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"muppadUm thappAmE" -- CONCLUSION

From: sampath kumar (
Date: Fri Jan 14 2000 - 01:20:54 PST

Dear friends,

Today (14th January 2000), AndAl in her "tiruppAvai"
sings the concluding and 30th benedictory stanza
beginning with "vangak kadal mAdhAvanai

In this Verse the poetess decalres that those who:
---- merely recite this hymn  ("ip-parisu uraippAr")
even without fully comprehending its meaning or
--- and recite all its 30 verses ("muppadUm thappAmE")
--- will now and herein in this world ("ingu")
--- and also later and therein in the other world
--- reap the Lord's Grace ("selvat-tirumAl") and enjoy
plentiful pleasure, happiness and peace

           ********       *********        *********
Now, reading the above some questions may arise in our

Question 1:
Why does AndAl speak so highly of her own composition?
Is it a form of self-adulation? 

No, it is not. This stanza is called "phala-sruti", a
poetic convention in all religious poetry of India
where the concluding verse will briefly name the
author of the work, sum-up the nature and scope of the
work and also extol the benefits accruing by a study
thereof. Such a convention lends a happy and
auspicious note of ending to the work. AndAl too was
following this poetic convention.

Question 2:
We know the name of the author of tiruppAvai. But what
is the subject-matter and nature of the work, if we
were asked to put it in a nutshell?

Answer: The subject matter of the "tiruppAvai" is the
substance of the Upanishads. AndAl in this poem dealt
completely with Upanishad-sAram... the essential
truths of the "upanishads". In the "muvAiyapadi" of
Sri.PVPillai it is said, "pirAtti andAlAnAr pOla
upanishattu tamizhAnapadi"." ie. If  "thAyyAr", the
Consort of Lord Narayana descended on earth in the
avatar of AndAl then the Vedantic Upanishads too took
their avatar in Tamil as her "tiruppAvai". 

Question 3:
The benefits of reciting "tiruppAvai" is spelt out
clearly. But it says that even recitation without
knowing the meaning of the stanzas will do alright!
Why should God shower His Munificence on us if we were
to recite the tiruppAvai like parrots or children with
no inkling of its real substance?

Yes, the benefits will definitely accrue. Nobody could
have given the reason for this matter in a better way
than Sri.Parashara Bhattar who said, "kanru-izhanda
talai-nAgu tOr-kanrukkam irangumAp-pOlE
ip-pAsuramkondu puga namakkUmm pallikkUm." i.e. The
mother-cow that has lost its own calf will continue to
secrete copious milk at the mere sight of a stuffed
effigy of its dead calf. Similarly God will bestow His
Grace upon us even if we recite blindly the tiruppAvai
with neither the "anukAram" (the endearing God-love")
of an AndAl nor the "anushTAnam" of the "gopikAs" (the
enduring faith of the 'aayarpAdi" girls).

Question 4:
Why does AndAl say "muppadUm tappAmE"? Why is it so
important to recite ALL 30 verses? Why is it not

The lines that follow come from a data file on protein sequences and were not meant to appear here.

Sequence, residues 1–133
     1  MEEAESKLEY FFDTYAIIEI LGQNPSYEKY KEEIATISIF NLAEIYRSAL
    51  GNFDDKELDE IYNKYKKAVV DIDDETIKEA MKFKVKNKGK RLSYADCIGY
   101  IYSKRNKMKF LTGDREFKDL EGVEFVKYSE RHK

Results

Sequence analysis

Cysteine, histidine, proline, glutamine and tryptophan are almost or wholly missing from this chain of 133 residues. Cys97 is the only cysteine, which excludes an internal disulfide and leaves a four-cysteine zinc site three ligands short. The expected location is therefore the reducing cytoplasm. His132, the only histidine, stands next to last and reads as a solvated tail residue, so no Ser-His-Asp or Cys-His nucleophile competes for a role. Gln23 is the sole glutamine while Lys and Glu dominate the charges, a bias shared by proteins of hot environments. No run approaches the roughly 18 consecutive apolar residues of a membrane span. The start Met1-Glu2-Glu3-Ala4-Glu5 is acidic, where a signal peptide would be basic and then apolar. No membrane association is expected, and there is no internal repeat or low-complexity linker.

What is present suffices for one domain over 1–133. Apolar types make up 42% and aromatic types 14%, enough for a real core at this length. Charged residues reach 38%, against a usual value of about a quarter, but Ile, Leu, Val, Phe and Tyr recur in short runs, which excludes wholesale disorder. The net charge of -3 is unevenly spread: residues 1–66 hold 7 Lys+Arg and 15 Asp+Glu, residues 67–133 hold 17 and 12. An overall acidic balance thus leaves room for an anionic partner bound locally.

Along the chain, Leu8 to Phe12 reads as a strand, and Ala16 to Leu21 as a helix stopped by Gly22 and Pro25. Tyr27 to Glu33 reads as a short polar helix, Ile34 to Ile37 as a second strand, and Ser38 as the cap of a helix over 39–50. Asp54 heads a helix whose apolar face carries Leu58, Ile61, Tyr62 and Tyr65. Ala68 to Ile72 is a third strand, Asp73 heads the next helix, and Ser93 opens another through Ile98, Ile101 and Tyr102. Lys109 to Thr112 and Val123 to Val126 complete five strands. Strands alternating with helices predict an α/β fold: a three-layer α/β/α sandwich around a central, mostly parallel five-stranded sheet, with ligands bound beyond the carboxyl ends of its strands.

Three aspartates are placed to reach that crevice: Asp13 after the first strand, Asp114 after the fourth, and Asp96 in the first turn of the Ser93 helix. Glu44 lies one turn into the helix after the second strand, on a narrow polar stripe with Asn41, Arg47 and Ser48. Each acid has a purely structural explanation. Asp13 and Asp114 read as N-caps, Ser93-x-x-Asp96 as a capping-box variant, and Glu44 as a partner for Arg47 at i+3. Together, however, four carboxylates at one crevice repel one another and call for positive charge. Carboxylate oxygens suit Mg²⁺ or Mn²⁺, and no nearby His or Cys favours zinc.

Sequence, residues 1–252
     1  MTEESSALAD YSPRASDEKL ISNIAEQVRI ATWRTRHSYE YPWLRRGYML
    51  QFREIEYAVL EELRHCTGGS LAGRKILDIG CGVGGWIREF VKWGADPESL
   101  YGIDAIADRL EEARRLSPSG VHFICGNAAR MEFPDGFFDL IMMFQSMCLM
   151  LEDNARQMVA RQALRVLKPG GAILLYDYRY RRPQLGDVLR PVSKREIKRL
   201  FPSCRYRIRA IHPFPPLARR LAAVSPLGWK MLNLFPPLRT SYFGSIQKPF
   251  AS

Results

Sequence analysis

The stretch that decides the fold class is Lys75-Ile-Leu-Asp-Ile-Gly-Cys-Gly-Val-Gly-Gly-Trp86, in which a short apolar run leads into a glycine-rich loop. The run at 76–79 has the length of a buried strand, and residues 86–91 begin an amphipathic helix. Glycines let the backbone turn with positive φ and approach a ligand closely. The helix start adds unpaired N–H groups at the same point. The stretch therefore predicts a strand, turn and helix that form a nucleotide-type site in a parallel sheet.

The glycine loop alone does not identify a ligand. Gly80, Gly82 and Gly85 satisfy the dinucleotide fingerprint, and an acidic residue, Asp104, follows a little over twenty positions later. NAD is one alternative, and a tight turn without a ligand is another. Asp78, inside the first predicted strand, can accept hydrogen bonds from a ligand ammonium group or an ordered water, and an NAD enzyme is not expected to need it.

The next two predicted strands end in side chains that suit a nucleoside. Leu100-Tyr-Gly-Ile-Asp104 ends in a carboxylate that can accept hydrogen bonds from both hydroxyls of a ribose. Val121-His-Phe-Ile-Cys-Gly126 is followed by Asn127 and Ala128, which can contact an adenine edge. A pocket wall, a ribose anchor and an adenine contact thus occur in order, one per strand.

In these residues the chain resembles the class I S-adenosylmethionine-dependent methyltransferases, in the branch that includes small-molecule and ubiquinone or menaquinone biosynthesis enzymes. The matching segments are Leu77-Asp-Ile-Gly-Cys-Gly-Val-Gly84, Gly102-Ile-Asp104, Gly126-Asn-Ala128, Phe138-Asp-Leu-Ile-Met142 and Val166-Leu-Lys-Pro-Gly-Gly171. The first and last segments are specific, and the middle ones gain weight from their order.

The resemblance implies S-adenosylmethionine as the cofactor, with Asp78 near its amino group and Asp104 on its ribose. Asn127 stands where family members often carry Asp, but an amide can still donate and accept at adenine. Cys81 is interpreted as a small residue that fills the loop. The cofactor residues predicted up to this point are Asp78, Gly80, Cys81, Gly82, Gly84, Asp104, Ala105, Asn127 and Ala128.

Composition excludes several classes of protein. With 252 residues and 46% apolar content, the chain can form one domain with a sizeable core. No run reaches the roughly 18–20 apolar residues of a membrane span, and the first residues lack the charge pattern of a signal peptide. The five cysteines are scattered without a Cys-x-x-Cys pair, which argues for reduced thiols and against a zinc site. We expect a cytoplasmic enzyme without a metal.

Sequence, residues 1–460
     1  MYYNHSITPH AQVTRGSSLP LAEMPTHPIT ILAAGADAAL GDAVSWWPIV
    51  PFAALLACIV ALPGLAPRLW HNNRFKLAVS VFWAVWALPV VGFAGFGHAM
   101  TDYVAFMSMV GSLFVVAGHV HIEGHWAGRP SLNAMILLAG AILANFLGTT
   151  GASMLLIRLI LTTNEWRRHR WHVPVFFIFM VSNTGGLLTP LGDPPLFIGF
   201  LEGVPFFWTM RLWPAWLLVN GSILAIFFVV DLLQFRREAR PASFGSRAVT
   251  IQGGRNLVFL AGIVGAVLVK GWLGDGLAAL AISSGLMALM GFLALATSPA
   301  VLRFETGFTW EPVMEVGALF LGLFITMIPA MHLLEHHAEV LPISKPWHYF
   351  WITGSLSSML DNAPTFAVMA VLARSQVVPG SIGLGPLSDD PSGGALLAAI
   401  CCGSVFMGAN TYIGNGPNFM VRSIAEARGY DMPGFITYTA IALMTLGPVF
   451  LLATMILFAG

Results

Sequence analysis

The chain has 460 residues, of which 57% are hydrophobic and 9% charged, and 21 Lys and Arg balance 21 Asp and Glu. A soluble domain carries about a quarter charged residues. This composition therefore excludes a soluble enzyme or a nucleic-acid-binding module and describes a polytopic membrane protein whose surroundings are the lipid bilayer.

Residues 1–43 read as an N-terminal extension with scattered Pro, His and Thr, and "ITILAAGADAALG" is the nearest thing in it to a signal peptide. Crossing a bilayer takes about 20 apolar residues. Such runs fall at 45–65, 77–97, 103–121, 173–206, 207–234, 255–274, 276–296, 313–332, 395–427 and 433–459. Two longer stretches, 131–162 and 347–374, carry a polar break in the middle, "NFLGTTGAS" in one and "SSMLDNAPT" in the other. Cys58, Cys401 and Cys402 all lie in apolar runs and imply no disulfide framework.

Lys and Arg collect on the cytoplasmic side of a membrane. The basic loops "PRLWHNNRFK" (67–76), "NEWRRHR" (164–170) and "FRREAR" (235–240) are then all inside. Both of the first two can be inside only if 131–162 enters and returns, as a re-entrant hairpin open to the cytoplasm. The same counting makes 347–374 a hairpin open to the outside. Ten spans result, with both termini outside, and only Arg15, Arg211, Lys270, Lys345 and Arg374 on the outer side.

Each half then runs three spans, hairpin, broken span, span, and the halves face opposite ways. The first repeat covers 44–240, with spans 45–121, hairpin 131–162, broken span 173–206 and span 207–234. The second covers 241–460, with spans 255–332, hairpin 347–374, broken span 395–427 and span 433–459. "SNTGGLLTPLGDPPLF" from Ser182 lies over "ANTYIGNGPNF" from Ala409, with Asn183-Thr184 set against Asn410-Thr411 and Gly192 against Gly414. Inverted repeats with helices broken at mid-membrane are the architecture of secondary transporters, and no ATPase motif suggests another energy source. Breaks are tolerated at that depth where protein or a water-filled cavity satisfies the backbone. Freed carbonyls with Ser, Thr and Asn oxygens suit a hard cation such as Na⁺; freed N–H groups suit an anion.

sufficient to recite only the few, say 6 or 7 stanzas
which we know are the most significant and contain the
heart and soul of the entire hymn?

No. Reciting all 30 verses is not negotiable. Reciting
a few important verses is NO SUBSTITUTE for all 30.
The reason has again been given by the
"muvAiyarapadi": "oru rathnam kuraindhAlum nedUmpAzhAy
irUkkUmirE!" i.e." Will you accept to receive a
precious necklace of 30 rare gems with even one of
them missing?"

Question 5:
But what if one is unable for reasons of ignorance or
incapablity to learn all the 30 verses? Suppose one
falls ill? Suppose one is travelling in far-away and
alien lands? What if one has no time to recite all the
30 everyday? What then?

There is no substitute for reciting all 30. But under
special and exceptional circumstances as above, it is
said that reciting Stanza#29 may just about barely do.
Even if that is not possible for a person let him/her
simply imagine in his mind a large gathering of
devotees who are immersed in the joy of reciting the
entire 30 pAsurams. It may perhaps suffice. 

In this regard, please recollect that Sri.Parashara
Bhattar died young at the age of 32. He was stricken
with an incurable malignant tumour in his neck which
in the last days of his life was given medical
attention but to no avail. When it became insufferably
painful, Bhattar's tumour was surgically operated
upon. No local or general anaesthesia was however
available in those days. It is said that since Bhattar
was a man who was thoroughly "soaked" in the beauty of
the 30 stanzas of the "tiruppAvai" he reportedly told
everyone that his "tiruppAvai" is my anasthesia. When
I recite the tiruppAvai I shall feel no pain!". 

Question 6
The world is not all filled with Parashara Bhattars
and Peria-vAchAn-pillais. What happens to those people
amongst us who are either unaware of the "tiruppAvai"
or simply don't care about it?

Sir, those who choose to remain unware or indifferent
to the "tiruppAvai" can please consider themselves as
an "unqualified burden to this earth." :

    "pAthagang-gaL theerkumm paraman-adi-kAttum
    vedam-anaittukkum vitthAkum kOthai tamizh
      aiy-aiyndu maiynddum ariyAda mAniddarai
     vaiyanja sumappathum vambu".


"The tiruppAvai eradicates the sin of men; it contains
the distilled essence of the holy Vedas.Hence, knowing
this to be true, if there is one among the species of
men, with all his senses intact, who yet chooses to
remain ignorant of the 30 verses of the Song
Celestial.... then what can be said of such a one save
that he is an unqualified burden to Earth?" 

andAl tiruvadigaLE sharanam
           ******** CONCLUDED *********

dAsanu dAsan,
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